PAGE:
In the beginnings of tango, a man’s superior skill at dancing was counted as a determining factor in his popularity, a measure of his machismo. At that time, there was a shortage of the opposite sex and much competition. The macho seducer typically thinks he is the active party but in fact is in bondage to the seducee, in slavery. The genuine seducer has to devote all his attentions to the seduction for a period to accomplish the seduction, and in the process, is effectively enslaved by the seducee until the seduction is successful.
The immigration wave did the Buenos Aires city population rate swell with lonely men, resuling in a demographic sex ratio population of 1 male to 0,6 female in 1914. Approximately 30.000 garotas were working in 2000 brothels. As tango was related to the brothels, it was a scandelizing act for a woman. The fact that it was danced by prostitutes broke dancing habits. In this way, their provoking behaviour anticipated an emancipation. As women have been stimulated throughout the striving ages to keep their bodies square and linear while walking, it strucks them now how unbelievably empowering it is to do tangosteps in a relaxed, conscious way.
Europeans who go to Buenos Aires to dance a passionate tango in the milongas, may find the formal codes and behavior rules, such as the strict separation between men, women and couples, a bit outdated. Others will find it nostalgic, as if concealing mystic darkness, as in the old days of Catholicism.
A history of social dance is a history of morality and as 83% of the Argentinians are Catholics, it reflects some Catholic morality. A Catholic morality with its restrictions and rebellions, such as between the Catholic Church and the Liberation Theology. Admit, for a single Catholic woman it isn’t always easy to make the step to tango dancing, tango with it's, nearly sacramental, intimacy and passion. But, quite true, dance portrays the beauty of the person as made in the image of God. Regarding Tango and the Theology of the Body, click here: Katrina J. Zeno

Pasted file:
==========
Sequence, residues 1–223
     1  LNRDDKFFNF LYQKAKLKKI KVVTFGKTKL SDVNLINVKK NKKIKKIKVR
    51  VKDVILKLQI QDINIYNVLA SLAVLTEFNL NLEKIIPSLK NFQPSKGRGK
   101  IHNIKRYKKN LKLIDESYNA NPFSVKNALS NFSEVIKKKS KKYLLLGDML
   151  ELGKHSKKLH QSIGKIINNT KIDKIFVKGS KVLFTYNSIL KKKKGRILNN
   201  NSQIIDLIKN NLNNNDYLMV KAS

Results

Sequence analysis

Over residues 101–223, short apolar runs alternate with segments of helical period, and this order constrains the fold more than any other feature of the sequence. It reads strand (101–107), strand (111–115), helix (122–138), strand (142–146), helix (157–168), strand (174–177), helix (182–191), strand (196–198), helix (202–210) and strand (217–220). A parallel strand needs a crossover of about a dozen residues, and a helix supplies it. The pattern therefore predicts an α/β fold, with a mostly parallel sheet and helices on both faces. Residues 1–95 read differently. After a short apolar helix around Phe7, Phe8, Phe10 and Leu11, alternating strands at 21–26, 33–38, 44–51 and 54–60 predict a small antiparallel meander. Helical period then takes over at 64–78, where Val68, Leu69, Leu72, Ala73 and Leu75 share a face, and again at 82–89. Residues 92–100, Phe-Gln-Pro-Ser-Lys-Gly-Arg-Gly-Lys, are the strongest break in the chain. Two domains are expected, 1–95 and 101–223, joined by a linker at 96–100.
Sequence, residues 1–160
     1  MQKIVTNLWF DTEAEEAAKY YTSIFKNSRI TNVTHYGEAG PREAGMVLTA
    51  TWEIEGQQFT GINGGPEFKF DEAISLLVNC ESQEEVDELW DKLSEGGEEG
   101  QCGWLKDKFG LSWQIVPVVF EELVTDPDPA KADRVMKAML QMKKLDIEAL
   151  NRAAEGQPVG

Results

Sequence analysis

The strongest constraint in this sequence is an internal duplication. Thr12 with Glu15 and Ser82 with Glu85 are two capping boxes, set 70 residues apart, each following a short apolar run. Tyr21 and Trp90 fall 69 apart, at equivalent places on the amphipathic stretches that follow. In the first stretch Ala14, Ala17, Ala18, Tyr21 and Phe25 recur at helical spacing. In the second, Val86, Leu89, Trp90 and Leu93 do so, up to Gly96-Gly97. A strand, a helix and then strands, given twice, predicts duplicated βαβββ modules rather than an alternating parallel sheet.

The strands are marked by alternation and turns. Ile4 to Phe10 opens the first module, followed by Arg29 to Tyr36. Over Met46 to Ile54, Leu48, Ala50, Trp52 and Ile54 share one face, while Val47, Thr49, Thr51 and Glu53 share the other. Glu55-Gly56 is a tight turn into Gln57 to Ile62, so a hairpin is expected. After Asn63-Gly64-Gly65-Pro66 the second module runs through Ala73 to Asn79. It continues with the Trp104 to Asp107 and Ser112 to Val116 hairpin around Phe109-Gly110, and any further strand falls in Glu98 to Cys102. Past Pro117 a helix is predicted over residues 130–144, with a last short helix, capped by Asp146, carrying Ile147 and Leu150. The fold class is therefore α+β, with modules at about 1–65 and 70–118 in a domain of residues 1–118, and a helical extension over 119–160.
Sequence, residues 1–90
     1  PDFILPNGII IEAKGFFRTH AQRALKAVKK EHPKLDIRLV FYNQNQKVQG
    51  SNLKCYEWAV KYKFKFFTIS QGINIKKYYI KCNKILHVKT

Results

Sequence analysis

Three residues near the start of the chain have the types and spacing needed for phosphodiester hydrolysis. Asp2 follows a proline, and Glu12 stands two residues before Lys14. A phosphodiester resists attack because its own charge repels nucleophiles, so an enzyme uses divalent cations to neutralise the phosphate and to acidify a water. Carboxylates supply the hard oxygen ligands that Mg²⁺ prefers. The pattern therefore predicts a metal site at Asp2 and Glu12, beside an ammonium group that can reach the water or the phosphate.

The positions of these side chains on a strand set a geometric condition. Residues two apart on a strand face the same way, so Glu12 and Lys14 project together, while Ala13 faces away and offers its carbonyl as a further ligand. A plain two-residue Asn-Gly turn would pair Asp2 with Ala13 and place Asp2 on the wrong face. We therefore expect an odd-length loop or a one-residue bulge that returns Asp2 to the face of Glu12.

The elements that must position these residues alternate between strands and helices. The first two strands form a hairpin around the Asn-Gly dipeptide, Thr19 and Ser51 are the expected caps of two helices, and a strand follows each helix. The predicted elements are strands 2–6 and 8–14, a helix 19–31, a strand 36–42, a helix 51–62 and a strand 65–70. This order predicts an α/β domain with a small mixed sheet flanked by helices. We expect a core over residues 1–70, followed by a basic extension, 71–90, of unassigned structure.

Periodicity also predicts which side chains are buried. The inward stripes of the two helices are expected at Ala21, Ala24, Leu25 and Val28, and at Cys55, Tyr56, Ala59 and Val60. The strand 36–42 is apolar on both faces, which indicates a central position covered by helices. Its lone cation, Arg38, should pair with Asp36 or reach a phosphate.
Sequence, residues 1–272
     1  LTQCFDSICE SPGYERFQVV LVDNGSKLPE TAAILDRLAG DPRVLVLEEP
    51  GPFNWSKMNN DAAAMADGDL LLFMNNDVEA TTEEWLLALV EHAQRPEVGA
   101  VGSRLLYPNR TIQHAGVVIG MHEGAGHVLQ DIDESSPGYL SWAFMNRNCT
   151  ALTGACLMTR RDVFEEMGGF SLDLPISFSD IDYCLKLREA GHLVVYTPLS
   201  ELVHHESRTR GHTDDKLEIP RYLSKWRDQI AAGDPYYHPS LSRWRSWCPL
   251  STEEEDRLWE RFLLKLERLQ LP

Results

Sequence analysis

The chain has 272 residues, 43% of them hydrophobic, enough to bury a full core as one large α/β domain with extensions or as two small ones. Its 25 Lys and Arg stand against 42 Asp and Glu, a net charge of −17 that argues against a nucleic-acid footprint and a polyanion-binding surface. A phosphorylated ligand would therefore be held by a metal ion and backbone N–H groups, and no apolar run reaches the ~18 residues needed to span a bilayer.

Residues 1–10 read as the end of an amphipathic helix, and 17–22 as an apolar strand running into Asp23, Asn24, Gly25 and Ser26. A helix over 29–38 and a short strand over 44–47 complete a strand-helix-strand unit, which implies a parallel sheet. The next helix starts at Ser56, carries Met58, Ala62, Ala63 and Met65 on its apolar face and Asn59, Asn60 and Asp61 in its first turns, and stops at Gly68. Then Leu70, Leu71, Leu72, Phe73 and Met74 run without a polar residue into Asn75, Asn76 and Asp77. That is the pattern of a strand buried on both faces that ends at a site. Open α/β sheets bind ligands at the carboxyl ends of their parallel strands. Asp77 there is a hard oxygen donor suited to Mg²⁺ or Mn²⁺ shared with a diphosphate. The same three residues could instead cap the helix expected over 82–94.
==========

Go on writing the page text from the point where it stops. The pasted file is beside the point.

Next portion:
Buenos Aires is often called the Paris of South America, mainly because of its architectural image. Regarding the man-woman relation however, it is much different from the Parisian mind. The Argentine Catholic church has focused its advocacy in three areas: ferm opposition to nearly all forms of modern contraception, to sex education, and to abortion. At the heart of this opposition lie views about women’s role in the family, and about maternity and reproduction as key parts of women’s identity. Increasingly, especially at the present difficult economic situation in Argentina, Catholic church officials have sought to justify their faith-based opposition to contraception and abortion in less doctrinal and more “pragmatic” terms, such as “scientific” proof that condoms prevent neither pregnancy nor sexually transmitted infections or nationalist concerns with population size and growth. Historically, a central part of the identity of the political elite in Argentina has been that of a frontier nation to be colonized and populated by Caucasian immigrants from Europe. The most famous expression of this identity is the phrase to rule is to populate attributed to Juan Bautista Alberdi, a central figure in Argentina’s political history known as the “father of the Argentine constitution.” Over the years, the refrain to rule is to populate has been used by various political actors to justify the limitations on women’s reproductive autonomy and rights, by reference to women’s essential role as childbearers and as such tools for population growth. Across the South American region, many governments and legislators have historically declared their opposition to modern birth control methods, usually with reference to Catholic church doctrine. However, in Argentina the government went so far as to prohibit the sale of all contraceptives for several decades in the late twentieth century, an extreme display of opposition to birth control even by regional standards. This pro-natalist approach has historically set Argentina apart from the rest of South America, so much so that Argentina in 1996 was the only country in the region to provide no public support of any kind for access to contraception.